Markets

Kospi slides, erasing week’s gains as Asian markets pull back

Geopolitics helped prompt profit-taking in Asian shares Thursday following this week’s strength.

As expected, President Donald Trump signed a bill on Wednesday that imposed fresh sanctions on Russia, North Korea and Iran even as he expressed concern that the “seriously flawed” legislation “will drive China, Russia, and North Korea much closer together.”

South Korean stocks












SEU, -1.58%










  led the way lower. They have shown repeated ability this year to shrug off North Korean provocations, including its string of missile launches. Coming into Thursday, the Kospi was one of the region’s best-performing indexes, rising 20% and topping highs set in 2011.

But it slid 1.8% in morning trading amid a 3.3% drop in index giant Samsung Electronics












005930, -2.57%










 , more than erasing the week’s gains. The drop came as the Samsung conglomerate’s de facto head testified for the first time at his corruption trial.

For the market at large in Korea, the prospect of higher corporate and personal income taxes is also weighing on sentiment, said Andrew Bresler, deputy head of sales trading for Asia-Pacific at Saxo Capital. The Kospi logged its worst day of the year on Friday in falling 1.7%.

The fresh drop Thursday fueled morning declines in the country’s well-performing currency; the dollar was recently up 0.5% versus the won.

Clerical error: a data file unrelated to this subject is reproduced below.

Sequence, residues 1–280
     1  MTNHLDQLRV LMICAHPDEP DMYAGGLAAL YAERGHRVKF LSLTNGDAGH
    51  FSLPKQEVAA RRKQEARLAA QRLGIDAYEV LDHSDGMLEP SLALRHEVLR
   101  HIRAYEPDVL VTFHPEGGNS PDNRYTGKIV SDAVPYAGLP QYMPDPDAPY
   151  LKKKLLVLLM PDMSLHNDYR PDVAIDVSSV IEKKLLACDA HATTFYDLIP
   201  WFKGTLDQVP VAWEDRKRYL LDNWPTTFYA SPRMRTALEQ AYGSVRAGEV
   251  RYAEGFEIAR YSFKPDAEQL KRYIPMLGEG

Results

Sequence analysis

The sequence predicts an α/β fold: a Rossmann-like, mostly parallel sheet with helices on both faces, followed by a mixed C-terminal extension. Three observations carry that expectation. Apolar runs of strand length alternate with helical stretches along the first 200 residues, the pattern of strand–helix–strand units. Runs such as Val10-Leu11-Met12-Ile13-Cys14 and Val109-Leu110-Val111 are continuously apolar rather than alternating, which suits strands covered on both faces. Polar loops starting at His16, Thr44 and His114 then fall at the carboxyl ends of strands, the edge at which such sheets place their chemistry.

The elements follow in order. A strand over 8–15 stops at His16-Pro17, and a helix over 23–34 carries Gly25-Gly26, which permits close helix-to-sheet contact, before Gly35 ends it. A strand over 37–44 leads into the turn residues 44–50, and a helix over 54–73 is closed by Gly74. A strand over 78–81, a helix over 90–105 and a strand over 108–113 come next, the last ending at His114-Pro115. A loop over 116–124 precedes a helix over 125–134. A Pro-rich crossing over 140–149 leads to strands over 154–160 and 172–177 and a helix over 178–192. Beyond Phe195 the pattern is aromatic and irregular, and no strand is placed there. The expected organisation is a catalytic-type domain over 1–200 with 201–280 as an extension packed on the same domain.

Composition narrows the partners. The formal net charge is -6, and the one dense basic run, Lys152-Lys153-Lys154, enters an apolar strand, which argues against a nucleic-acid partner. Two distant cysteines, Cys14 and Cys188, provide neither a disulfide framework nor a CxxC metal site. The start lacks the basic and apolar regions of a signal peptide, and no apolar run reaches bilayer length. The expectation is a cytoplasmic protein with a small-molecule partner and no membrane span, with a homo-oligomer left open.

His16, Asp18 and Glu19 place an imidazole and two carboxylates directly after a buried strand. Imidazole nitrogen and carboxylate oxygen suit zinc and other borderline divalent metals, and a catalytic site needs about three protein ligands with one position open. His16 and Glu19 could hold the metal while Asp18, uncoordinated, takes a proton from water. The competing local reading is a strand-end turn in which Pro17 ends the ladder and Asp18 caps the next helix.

Taiwan stocks also saw profit-taking on Thursday, after being a standout on Wednesday following Apple’s












AAPL, +4.73%










  strong quarterly report. The Taiex












Y9999, -0.49%










  declined 0.5% after hitting 27-year highs a day earlier.

Declines were more modest elsewhere. Indexes in Australia












XJO, -0.25%










 , China












SHCOMP, -0.24%










  and Hong Kong












HSI, -0.06%










  were all off 0.2% in morning trading. Japan’s Nikkei












NIK, -0.26%










 , meanwhile, eased 0.4% to move back to 20,000 amid some fresh gains in the yen; the dollar eased back to ¥110.60.

Analysts also said stock buying would be somewhat muted Thursday ahead of the Bank of England’s policy meeting later in the day.

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